Visitor Experience

Exhibition makers must also consider their intentions, both explicit and implicit, for how visitors will conduct themselves in the museum. The colonial imagination guides visitor behavior through invitations to “explore” and expectations to “behave.” Decolonial practice, however, shifts visitor modes away from the experiences and preferences of whiteness and empire.

An igloo shaped structure with a large opening and two hats and a coat sitting on the top.
Fig. 3. Pith helmets and khaki “expedition” costumes in a children’s gallery in an English museum. Margaret Middleton

Visitors are often invited to play a role in gallery activities: through “decoding” games with pictographs, interactives like mock archaeological digs, and prompts to imagine themselves as explorers uncovering mysteries. Though some exhibit developers may think child-size khaki uniforms and pith helmets are a cute way to engage children in natural history or archaeology galleries, for many, these outfits bring to mind the fetishistic and violent obsessions of European Victorians, including Egyptomania and the African safari (fig. 3). Urging visitors, especially children, to take on the role of colonial explorer through costuming or, more subtly, through invitations in label copy to “explore” and “discover” is an insidious way we exhibition makers unwittingly make visitors our accomplices in reifying colonial dynamics. Exhibition developers could instead take a cue from Indigenous game designers who resist colonial tropes with novel game mechanics such as cooperative play and complicating binary “us vs. them” narratives.[15] It is also imperative to work with communities to develop activities that invite respectful inquiry without activating colonial dynamics. At FAM, exhibition interactives place Native voices in charge of the activity and narrative: riders in a “powwow van” travel Indian Country with a chatty Kiowa narrator as they visit cultural celebrations and dances. Tribal sovereignty and continued presence in Oklahoma are demonstrated as visitors try to match bean bags printed with political names of nations to their associated location on a monumental map of the state (fig. 4).

Two people stand on a map on the floor with a large image behind them of native American people.
Fig. 4. Youth at play in the OKLA HOMMA exhibition at FAM. J. Pat Carter/FAM.

Visitors are also often expected to play the role of the “good museum visitor,” code for the white, wealthy visitor. Just this year incidents in American museums have made headlines: an Indigenous artist was told to remove the traditional woven baby carrier she was wearing in an exhibition of baskets by Indigenous artists;[16] a Black artist was told to leave an exhibition about Black Rest after asking white visitors to respect the space;[17] and a Cambodian artist was asked to leave a museum for performing a dance prayer to her ancestral gods in a gallery of stolen religious statues.[18] As activist group Decolonize This Place says museums “want the art, not the people.”[19] Museums benefit immensely from the artistry and thought of Black and Indigenous cultures. Rethinking expectations for visitor behavior can help museums demonstrate that they value Black and Indigenous presence not only in the form of silent objects behind glass but as people in the gallery.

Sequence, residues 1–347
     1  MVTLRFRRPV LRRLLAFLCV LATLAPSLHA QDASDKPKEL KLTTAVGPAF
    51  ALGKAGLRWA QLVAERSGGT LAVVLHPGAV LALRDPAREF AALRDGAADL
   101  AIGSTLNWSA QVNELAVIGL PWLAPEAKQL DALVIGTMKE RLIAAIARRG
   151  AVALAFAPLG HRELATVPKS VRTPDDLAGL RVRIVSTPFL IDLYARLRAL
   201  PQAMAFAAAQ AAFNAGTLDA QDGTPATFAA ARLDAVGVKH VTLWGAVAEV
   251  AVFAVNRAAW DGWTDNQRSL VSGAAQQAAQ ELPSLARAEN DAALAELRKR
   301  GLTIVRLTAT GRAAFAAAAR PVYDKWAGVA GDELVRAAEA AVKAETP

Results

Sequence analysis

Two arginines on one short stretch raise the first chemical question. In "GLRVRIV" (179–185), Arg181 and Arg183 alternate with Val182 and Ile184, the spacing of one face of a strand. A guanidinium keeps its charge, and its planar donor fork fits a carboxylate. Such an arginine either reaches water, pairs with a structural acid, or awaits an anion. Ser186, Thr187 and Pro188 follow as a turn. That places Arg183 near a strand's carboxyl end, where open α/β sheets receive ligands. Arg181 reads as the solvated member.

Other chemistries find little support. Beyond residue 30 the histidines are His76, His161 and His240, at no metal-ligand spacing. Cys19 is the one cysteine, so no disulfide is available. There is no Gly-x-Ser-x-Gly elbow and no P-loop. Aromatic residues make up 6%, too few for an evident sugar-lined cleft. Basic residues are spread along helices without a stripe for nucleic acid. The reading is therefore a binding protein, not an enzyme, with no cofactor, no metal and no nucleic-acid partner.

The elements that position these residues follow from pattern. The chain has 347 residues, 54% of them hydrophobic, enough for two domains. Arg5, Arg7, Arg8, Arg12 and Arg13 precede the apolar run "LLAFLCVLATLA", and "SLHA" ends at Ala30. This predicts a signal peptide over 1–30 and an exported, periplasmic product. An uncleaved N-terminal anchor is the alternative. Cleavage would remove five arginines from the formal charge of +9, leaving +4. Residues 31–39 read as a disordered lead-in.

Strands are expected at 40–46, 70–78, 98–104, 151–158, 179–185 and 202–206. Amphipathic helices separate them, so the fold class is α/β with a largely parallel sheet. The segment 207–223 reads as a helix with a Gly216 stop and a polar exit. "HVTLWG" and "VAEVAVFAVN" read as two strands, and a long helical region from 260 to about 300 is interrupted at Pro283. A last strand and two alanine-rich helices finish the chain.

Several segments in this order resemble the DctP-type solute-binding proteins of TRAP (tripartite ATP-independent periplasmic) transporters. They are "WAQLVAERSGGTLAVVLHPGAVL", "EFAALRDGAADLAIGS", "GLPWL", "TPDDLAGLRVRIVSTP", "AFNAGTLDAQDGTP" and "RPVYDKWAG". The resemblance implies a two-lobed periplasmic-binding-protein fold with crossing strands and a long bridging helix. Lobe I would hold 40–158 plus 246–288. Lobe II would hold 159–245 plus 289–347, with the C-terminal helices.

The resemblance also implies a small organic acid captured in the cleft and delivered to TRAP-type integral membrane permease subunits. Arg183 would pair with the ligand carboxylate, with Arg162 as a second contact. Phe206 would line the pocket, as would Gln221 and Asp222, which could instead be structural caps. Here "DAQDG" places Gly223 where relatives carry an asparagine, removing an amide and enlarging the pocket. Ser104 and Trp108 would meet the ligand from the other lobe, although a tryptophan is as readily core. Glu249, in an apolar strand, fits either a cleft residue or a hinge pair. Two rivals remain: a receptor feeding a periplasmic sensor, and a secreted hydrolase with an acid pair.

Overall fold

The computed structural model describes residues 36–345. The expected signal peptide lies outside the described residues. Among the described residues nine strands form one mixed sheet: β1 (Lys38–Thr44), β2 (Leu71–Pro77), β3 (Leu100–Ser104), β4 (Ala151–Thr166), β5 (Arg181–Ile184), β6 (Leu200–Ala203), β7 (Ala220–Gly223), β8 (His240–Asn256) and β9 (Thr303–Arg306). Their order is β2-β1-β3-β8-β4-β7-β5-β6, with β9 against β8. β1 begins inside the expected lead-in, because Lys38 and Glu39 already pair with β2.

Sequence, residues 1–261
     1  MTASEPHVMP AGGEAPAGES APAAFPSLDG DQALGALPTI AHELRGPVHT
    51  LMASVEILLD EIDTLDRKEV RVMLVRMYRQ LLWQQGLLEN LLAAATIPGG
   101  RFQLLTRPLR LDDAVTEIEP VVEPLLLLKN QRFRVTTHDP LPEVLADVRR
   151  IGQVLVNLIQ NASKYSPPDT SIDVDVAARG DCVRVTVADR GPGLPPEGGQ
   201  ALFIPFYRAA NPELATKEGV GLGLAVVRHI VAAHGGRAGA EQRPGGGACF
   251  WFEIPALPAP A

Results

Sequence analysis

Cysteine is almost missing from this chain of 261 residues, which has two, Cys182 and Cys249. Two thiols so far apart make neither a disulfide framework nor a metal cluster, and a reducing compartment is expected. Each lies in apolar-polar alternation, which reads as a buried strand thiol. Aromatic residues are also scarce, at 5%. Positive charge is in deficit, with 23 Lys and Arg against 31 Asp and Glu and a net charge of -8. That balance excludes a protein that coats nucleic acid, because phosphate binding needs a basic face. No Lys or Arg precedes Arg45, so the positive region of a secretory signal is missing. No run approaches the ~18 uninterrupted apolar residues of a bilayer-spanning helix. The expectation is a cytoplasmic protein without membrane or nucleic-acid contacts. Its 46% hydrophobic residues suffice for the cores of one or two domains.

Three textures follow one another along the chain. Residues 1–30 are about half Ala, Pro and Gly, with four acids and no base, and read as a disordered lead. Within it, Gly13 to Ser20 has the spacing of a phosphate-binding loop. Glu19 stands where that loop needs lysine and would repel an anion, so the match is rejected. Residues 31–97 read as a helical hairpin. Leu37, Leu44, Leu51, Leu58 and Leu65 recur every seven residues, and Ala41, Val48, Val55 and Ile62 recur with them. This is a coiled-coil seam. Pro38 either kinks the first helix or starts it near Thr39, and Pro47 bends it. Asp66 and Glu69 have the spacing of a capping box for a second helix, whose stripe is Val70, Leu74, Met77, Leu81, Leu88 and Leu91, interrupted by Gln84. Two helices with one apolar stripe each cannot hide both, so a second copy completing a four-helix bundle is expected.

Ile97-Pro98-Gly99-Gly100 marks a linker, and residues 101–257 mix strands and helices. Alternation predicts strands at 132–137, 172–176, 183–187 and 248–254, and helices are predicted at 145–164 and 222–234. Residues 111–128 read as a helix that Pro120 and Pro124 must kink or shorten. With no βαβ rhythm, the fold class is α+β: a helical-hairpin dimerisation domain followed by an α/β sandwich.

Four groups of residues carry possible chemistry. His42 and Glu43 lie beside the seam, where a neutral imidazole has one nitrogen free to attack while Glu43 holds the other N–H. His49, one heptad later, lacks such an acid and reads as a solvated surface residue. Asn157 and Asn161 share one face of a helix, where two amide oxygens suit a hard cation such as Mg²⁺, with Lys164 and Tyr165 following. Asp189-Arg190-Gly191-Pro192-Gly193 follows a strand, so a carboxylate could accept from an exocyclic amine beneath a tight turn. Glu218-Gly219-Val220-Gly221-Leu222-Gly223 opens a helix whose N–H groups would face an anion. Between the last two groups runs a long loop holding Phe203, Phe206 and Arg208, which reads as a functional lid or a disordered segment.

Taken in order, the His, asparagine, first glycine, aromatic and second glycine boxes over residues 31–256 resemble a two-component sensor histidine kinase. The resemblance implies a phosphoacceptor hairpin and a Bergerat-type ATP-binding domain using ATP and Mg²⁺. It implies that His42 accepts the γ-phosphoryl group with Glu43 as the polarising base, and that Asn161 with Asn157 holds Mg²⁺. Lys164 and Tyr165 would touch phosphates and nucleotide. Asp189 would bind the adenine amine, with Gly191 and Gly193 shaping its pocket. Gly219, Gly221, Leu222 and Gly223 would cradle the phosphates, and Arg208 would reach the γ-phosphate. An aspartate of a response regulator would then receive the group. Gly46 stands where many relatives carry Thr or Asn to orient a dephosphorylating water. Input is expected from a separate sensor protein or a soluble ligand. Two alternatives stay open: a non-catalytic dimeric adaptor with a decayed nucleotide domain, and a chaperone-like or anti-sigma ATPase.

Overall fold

Call to Action

Ultimately, practitioners should resist exhibition concepts inextricably bound with colonialism, especially when these present no significant shift in scholarship or contain no significant critical perspectives or counternarratives. Museums must reconsider platforming well-trod subjects, such as Impressionist Japonisme or Edward Curtis photographs, simply because they are “canonical” and will guarantee significant audience interest.

Together with colleagues in every department, exhibit designers and developers must upend the institutional systems and assumptions that reinforce colonial ideas in exhibits. In addition to the recommendations in this article, consider revisiting annual budgets to provide resources for decolonial initiatives, such as retaining paid cultural advisors or updating label copy. Identify ways in which your institution can demonstrate reciprocity to communities through collaboration or sharing of resources. Create a new framework for evaluating upcoming exhibitions that prioritizes the selection of non-Western cultures and critical perspectives. Document these initiatives so that present efforts are sustained and built upon rather than becoming make-work projects upended by turnover.